Our storytelling brains started creating the darkest futuristic CRISPR scenes – the apocalyptic ones. The ones where CRISPR gene editing creates super soldiers and designer babies who are faster, stronger, and more intelligent than we are.

We realized that these human-like robot freaks have the potential to develop, get a mind of their own, and eventually outperform us. Easy done for robots; they’re tireless. While we lazy humans need to stop practicing whatever activity we’re doing to eat and sleep, a robot will be on the field practicing any task without breaks.

You suddenly realize these freaks will outperform us eventually, whether in football, intelligence, or… war…

Fear Science : Person with skateboard watching over a city from a hill during the apocalypse.Image by Fabien Huck from Pixabay

What once was our little self-created pet started resembling Cujo for every magazine we opened, every panel discussion we saw, and every post we liked.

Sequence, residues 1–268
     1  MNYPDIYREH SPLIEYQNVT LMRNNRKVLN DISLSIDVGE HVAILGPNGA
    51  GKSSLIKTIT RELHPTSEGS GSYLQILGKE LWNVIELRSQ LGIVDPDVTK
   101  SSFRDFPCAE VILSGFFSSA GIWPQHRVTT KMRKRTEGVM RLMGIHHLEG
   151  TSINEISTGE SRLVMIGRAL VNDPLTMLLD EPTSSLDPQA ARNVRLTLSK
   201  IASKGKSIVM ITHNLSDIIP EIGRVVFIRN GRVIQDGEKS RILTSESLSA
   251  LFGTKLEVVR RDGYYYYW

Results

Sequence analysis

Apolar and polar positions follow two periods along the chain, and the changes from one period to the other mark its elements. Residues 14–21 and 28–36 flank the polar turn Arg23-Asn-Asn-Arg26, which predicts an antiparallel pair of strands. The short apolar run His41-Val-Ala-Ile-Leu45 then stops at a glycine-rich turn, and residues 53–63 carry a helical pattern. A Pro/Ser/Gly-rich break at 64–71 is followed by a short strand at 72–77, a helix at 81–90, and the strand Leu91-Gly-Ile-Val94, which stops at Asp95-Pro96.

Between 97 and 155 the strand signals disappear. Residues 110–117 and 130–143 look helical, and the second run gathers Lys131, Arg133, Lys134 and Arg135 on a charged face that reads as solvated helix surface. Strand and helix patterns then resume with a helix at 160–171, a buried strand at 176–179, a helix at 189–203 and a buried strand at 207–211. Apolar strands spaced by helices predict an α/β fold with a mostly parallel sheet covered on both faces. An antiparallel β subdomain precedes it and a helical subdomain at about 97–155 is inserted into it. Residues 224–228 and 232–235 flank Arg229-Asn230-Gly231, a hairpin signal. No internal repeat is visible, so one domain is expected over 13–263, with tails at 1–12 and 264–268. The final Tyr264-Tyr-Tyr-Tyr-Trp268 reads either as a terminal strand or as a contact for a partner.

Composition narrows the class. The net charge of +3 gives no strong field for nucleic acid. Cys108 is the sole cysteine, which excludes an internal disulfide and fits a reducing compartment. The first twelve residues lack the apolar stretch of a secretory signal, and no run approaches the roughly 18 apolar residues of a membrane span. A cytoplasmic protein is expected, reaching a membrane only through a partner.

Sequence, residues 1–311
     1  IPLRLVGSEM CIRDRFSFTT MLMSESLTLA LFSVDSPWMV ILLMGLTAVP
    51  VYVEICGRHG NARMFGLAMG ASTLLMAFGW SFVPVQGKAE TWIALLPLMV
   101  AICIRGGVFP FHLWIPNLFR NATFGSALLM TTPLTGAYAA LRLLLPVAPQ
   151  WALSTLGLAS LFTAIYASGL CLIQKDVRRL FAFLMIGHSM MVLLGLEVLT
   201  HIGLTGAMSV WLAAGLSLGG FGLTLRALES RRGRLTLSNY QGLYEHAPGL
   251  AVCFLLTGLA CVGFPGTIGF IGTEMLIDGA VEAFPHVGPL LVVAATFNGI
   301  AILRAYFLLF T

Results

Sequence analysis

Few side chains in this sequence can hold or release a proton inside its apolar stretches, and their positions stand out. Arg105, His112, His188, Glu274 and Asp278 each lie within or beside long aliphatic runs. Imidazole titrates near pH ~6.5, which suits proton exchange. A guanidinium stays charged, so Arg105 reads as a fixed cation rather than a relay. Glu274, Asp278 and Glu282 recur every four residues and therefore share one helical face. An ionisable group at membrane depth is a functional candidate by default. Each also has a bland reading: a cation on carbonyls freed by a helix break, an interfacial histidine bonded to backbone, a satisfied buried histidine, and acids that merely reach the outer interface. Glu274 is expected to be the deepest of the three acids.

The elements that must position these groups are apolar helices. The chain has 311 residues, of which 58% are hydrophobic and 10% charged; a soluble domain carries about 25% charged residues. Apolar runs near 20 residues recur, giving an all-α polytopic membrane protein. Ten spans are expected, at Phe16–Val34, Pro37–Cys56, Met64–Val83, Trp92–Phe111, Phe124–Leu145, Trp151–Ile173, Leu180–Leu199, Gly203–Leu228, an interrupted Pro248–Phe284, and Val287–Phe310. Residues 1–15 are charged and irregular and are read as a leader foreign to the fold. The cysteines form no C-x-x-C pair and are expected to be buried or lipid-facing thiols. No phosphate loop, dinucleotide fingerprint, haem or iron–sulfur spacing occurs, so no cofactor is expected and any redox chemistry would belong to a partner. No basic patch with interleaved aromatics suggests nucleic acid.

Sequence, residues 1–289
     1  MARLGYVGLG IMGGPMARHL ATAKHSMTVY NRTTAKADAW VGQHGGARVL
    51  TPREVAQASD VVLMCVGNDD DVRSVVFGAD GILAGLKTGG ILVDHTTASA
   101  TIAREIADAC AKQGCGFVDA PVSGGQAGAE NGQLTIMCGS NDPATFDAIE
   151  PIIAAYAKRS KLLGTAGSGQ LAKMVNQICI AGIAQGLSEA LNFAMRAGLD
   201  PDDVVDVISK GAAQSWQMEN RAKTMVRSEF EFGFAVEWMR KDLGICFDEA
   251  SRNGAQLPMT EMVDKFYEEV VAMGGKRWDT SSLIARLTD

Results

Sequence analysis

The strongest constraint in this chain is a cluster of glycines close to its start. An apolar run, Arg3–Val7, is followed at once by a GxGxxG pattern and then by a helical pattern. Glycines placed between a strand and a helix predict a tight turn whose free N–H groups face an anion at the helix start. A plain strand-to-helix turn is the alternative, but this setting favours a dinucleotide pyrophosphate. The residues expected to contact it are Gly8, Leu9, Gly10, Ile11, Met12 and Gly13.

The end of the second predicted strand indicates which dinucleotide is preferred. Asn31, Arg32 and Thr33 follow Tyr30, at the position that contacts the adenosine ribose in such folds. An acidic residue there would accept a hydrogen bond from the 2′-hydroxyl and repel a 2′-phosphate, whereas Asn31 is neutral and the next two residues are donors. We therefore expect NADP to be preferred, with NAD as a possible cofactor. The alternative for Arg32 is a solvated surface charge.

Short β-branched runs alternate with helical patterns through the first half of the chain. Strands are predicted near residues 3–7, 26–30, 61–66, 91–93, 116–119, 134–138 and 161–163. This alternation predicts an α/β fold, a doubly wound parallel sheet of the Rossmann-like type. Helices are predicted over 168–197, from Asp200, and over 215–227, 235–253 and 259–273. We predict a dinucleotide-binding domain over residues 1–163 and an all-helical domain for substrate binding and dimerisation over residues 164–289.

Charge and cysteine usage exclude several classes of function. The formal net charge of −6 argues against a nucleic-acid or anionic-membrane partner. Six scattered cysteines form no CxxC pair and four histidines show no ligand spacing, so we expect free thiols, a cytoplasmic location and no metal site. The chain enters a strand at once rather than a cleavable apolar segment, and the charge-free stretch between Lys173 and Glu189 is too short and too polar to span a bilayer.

We feared our ability to play gods, rebuild the Tower of Babel, or recreate Icarus’ wings. But, the actual dark predictions took the fear one step further. These featured some sort of warfare against you, your family, friends, and society; think bioterrorism and robot domination.

Perhaps you’ve already read that CRISPR is a potential weapon of mass destruction – if not, check it out here. Maybe you’ve heard prominent scientists and tech nerds warning us about the dangerous development of future AI. It feels like we’re entering a dark era.

The reason you fear new science

The question remains, why do you develop such a love–hate relationship with new advances in science? Why are they so exciting yet, at the same time, so scary? As you can imagine, the answers to these questions are rather complicated and depend on the individual and the group. Still, at a high level, let’s look into some of the potential reasons you (or we) fear new scientific advances and the unknown.